Dead Rhetoric: What’s on the horizon for the rest of 2021 into 2022 for The Crown to push this record?

Tervonen: First of all, I feel so bad for the bands that rely on the live touring compared to us. When they have their bands as their major source of income, with COVID it’s been a bad year for them. For us, the live situation it doesn’t create problems in that sense. It’s impossible to plan anything as far as touring, we don’t have a single show booked. I see a lot of friends that are booking shows, and then they cancel. It’s terrible to see. We don’t know how the festivals will happen this year.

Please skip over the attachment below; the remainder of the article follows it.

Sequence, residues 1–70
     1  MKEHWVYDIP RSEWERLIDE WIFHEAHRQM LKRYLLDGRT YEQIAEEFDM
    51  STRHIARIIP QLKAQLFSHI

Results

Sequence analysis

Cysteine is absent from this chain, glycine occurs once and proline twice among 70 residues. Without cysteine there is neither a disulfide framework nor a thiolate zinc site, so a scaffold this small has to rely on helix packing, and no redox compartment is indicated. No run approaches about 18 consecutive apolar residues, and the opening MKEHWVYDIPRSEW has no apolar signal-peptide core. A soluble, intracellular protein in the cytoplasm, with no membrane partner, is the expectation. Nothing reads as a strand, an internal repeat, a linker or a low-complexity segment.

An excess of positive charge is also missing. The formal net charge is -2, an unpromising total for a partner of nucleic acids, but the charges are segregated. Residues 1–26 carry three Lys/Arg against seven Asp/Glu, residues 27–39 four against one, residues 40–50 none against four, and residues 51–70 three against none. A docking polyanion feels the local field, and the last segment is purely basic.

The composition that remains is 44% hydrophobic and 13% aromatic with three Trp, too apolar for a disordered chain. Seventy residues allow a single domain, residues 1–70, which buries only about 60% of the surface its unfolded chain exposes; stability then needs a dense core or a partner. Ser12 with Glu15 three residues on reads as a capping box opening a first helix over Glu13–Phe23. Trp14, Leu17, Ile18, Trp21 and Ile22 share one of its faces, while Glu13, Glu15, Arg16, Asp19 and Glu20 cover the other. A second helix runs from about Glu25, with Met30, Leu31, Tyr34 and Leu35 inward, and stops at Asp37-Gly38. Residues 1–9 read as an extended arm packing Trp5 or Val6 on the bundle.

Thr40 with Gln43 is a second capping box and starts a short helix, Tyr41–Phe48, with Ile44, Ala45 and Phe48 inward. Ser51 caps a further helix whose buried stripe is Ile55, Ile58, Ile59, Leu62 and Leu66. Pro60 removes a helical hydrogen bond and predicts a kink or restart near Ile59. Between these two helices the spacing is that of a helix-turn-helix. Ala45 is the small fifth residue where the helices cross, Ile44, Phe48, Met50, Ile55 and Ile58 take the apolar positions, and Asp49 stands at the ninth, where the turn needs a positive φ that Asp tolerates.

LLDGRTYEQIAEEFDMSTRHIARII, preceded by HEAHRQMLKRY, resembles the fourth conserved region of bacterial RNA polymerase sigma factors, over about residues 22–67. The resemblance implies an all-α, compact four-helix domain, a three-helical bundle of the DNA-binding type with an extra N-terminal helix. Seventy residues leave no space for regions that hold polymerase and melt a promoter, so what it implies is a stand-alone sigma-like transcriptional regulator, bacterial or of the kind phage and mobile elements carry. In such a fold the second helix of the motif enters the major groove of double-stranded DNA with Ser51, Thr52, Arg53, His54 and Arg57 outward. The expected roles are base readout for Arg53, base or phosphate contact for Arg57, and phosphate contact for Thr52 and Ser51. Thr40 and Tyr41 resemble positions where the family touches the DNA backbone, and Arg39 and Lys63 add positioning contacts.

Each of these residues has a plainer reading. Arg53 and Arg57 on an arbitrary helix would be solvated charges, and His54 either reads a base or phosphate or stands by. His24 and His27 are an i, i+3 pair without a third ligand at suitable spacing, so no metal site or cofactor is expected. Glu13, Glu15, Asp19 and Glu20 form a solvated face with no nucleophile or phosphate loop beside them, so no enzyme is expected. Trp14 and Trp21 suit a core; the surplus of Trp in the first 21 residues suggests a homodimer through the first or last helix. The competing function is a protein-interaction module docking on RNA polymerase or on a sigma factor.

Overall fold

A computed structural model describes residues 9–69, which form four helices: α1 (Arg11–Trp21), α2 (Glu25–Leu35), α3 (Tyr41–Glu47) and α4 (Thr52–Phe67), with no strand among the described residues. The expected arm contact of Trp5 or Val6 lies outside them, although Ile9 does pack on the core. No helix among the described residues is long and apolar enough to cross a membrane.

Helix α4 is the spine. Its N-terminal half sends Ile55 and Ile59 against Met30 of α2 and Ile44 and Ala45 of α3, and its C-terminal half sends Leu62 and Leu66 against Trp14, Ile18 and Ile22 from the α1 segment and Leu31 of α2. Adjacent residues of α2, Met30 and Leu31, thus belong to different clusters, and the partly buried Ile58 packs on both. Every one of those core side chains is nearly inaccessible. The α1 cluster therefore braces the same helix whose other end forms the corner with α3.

You need to be a bit creative and come up with some other ideas. Streaming stuff is a good substitute, we are looking to do something in February – maybe a brutal two-hour show. We are trying to figure out how we will reach out to people. We use our social media platforms to interact, do some contests, playthroughs. It’s going to be interesting to see what we can book for this year.

The Crown official website